Online celebration salvages a lost year for genre-film fans
I joined the Fantastic Fest fan group on Facebook years ago. I am a Fantastic Fiend. It’s hard not to pull for the scrappy, chaotic film festival in Austin, Texas, put on by the Alamo Drafthouse every September, despite some of its major fuckups.
From March to June of this year, the occasional, “Is it going to get canceled?” post would go up on the fan group. People who plan their year’s PTO around 9 days of genre film premieres and insane parties waited for any glimmer of hope that there might still be a fest, pandemic be damned. Then the hammer fell in July. The fest put out a cancellation post, and it seemed that was that.
It would be a respite for those of us who attend every year, I thought. A nice rest before coming back full force in 2021, hopefully. Besides, there’s no way to capture the spirit of Fantastic Fest without being in person, I told myself. Well, it’s a good thing I’m not a film fest organizer.
On September 1st, the Fantastic Fest Twitter account put out a cryptic tweet teasing some sort of something during the original planned dates of the fest from Sept. 24 to Oct. 1. Nine days later, an announcement and press release made Celebration of Fantastic Fest official.
The fest would stream live a reduced slate of world and North American premieres, using a combination of the Drafthouse’s streaming service Alamo on Demand and the Scener browser plugin for synchronized remote movie viewing and chat. Unlike the typical in-person fest, there’d be no choice of films in various timeslots. Everyone would experience the same film, complete with familiar Alamo Drafthouse preshow content and Zoom Q&As with filmmakers.
Despite the expected technical hurdles that come with the territory of video conferencing software, opening night felt like a return to form, albeit digital. Thanks to the Scener chat feature many attendees reconnected with fest buddies of past and proceeded to riff on the opening night film Teddy. (Fest organizers would later ask that attendees refrain from using the chat during the live film screenings out of respect to filmmakers and adherence to the Drafthouse’s longstanding no talking or texting policy.)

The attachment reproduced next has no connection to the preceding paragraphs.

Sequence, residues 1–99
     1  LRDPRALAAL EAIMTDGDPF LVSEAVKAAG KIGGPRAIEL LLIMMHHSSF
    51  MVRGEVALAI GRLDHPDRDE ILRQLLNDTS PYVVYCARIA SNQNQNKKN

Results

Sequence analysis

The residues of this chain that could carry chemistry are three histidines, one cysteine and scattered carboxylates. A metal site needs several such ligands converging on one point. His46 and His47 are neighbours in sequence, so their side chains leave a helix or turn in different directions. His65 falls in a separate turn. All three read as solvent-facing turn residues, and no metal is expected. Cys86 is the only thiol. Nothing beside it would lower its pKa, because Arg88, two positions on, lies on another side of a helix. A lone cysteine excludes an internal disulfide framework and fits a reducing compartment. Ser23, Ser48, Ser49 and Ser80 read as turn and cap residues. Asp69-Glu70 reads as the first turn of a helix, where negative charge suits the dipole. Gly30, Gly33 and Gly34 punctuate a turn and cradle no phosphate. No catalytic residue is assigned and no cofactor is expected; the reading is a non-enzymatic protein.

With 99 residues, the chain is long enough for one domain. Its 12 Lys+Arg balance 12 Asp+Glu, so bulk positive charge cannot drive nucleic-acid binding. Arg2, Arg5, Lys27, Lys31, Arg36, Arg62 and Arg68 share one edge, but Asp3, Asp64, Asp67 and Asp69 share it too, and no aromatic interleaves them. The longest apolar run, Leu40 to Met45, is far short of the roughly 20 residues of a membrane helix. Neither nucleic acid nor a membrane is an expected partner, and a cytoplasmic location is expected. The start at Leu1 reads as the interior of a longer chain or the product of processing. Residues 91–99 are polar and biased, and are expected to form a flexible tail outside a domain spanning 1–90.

And just like that, Fantastic Fest was back. The fest that goes out of its way to schedule a werewolf film on the night of a full moon had found a way. One of the programmers introducing the opening night film quipped that the fest is trying to earn its reputation as “the little Telluride.” Here’s what the tiny Texas Telluride had on offer this year
The Old Man Movie
The indisputable darling of the festival this year was the Estonian stop-motion animated film The Old Man Movie. Think Wallace and Gromit meets the most foul-mouthed argumentative children parts of early South Park and that’s pretty close to the vibe. It’s crass and zany, but I really can’t remember the last time I laughed so consistently through an animated film since Shaun the Sheep, so that’s pretty good company to keep.
This year’s secret screening was a rediscovery of a 1989 action flick made by and featuring stunt professionals. Action USA takes explosions and then explodes those explosions. It’s the very best of late 80s trash action. Expect dumb one-liners leading to people dramatically falling from buildings and helicopters. Alamo will re-release the film in theaters this November if you dare.
The Queen of Black Magic
An extremely loose remake of the 1981 Queen of Black Magic comes by way of Indonesia. If you’re a fan of The Raid movies, you have a sense of how insanely gruesome and violent films out of Jakarta can be. This one pulls no punches and actually made me–a champion of Green Room and The Perfection –squirm. It doesn’t quite stick the landing, but everything else about this one is worth the time if you like slow burns and creepy crawly body horror.
In 2016, director Jill Gevargizian premiered her Kickstarter-funded short film The Stylist at Fantastic Fest. Only fitting that her Kickstarter-funded feature-length adaptation of the same name should world premiere at the same fest. While a bit predictable, this anthem for the lonely and awkward about a young hairstylist who preys on her clientele, collecting scalps, was a crowd pleaser.
Celebration of Fantastic Fest did its best to offer up opportunities for distanced debauchery. Mainstays of the festival like Fantastic Feud were streamed, while reserved spots were offered for various renowned virtual escape rooms, as well as a crazy zoom party game of Bowling Night. The general consensus from attendees was gratitude for any opportunity to reconnect with other festgoers they typically only get to pal around with for one week out of the year.
There’s certainly no substitute for in-person attendance for a festival that trades on the unpredictable like Fantastic Fest does, but Celebration of Fantastic Fest pulled together something pretty special, given the circumstances.